The Sydney Uni Flames star says that loss showed Australia they needed to take their defensive pressure up a notch. “As a group, we need to get better with pressuring bringing the ball up, and getting in passing lanes.”
Speaking about the Belgrade qualifying tournament as a whole, Timms explained that the Opals remain a work in progress as they navigate this new post-Cambage era. “Things haven’t happened for us yet. We know the direction we want to go, but it’s going to take time…We’ve got a number of games ahead of us that are going to help in making the sort of defence we need a habit. We can play that kind of defence for half a game, but it’s not consistent yet.”
In terms of Opals players set to influence results, Jackson nominated Ezi Magbegor as being a “massive factor” in how Australia perform. “She’s going to be huge for Australia. She’s just so smooth that you don’t even notice when she’s taking over a game… I’ve got no problem saying that because I think she’s ready for the challenge.”
Heal senior, meanwhile, is an unabashed Steph Talbot fan and believes her calmness and experience will be critical. “For me, she is a gun. She probably isn’t someone who comes out with big statements and beating her chest, but gee, she just oozes leadership to me.”
Jackson also makes the point that a World Cup isn’t decided on talent alone. “I think there’s a lot of talent in Australia at the moment, and I think there’s a lot of opportunity to do things differently. But in the same breath, how the team comes together and the chemistry of those girls is what’s really going to matter.” She loves what she’s seen of Sami Whitcomb’s leadership. “Her intensity, her focus - she can do it all. I’m clearly a fan.”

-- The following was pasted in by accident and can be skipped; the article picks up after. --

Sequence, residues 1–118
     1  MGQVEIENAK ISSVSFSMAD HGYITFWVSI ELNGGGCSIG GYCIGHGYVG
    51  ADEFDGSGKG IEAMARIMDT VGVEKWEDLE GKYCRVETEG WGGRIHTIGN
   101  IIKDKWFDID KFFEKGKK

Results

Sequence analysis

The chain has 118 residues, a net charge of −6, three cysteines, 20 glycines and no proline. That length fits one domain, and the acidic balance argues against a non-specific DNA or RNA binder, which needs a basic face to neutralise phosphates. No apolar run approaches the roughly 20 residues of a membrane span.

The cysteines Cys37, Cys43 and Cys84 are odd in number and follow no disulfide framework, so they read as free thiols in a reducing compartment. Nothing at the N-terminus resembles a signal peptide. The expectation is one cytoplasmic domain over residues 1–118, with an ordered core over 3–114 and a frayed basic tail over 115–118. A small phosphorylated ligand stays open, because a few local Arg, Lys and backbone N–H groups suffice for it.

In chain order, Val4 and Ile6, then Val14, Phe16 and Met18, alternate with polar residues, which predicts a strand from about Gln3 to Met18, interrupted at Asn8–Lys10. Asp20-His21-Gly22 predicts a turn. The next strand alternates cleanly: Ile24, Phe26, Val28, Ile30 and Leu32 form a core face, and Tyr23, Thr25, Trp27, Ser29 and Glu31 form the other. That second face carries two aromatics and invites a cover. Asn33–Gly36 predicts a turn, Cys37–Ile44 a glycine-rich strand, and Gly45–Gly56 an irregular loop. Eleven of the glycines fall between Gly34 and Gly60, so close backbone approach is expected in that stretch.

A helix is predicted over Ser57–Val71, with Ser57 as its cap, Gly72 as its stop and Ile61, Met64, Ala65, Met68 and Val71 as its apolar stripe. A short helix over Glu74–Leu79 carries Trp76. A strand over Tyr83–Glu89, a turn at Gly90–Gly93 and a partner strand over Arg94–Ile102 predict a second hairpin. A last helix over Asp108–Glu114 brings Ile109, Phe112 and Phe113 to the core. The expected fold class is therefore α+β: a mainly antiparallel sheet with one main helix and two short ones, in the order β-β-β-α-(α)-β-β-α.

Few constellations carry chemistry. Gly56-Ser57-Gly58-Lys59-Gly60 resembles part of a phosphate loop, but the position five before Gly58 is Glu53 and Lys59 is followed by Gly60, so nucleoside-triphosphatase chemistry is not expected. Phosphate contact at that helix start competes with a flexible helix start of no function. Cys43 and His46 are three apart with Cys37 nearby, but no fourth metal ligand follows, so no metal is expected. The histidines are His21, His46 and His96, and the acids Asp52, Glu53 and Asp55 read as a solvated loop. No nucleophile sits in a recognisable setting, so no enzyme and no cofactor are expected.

Timms believes that the Opals will play up to 15 games in the lead-up to the World Cup and says it’s not too late for players currently outside the squad to stake their claim. She has one particular player in mind.
“I would take Anneli Maley. She’s a possession animal, and there’s no reason why she wouldn’t be a possession animal internationally. That can be infectious – (she’s got a) dynamic quality that I like in a team. I’d just love to see Anneli in the green and gold.”
Aside from the X’s and O’s and the specifics of who will be part of the Opals squad, many of the guests at the event emphasized the World Cup’s potential impact on the sport going forward.
“I think it solidifies women’s basketball in Australian sports culture,” says Jackson. “1994 (FIBA World Championship for Women) took women’s basketball to the next level in Australia, and I think that’s going to happen again. Women’s basketball has been here for many, many years, but we’ve come a long way these last five or ten years.”
Proud girl dad Shane Heal sees great things coming out of the event. “I sat next to two young rep basketballers (at the draw), and you could see the excitement on their faces,” he enthused. “Young kids will get to see it and take up the sport, or they’ll start pursuing it more seriously. It’s huge for Sydney, and at the Flames, we want to use this as a springboard for what we plan on doing next year, which will be a whole other level up from this year.
For Shyla Heal, having the potential opportunity to play at a World Cup at home is nothing but upside. “I don’t feel any pressure at all. Any time you play for the Opals, you feel a lot of pride, but it’s just even more special at home. We can’t wait.”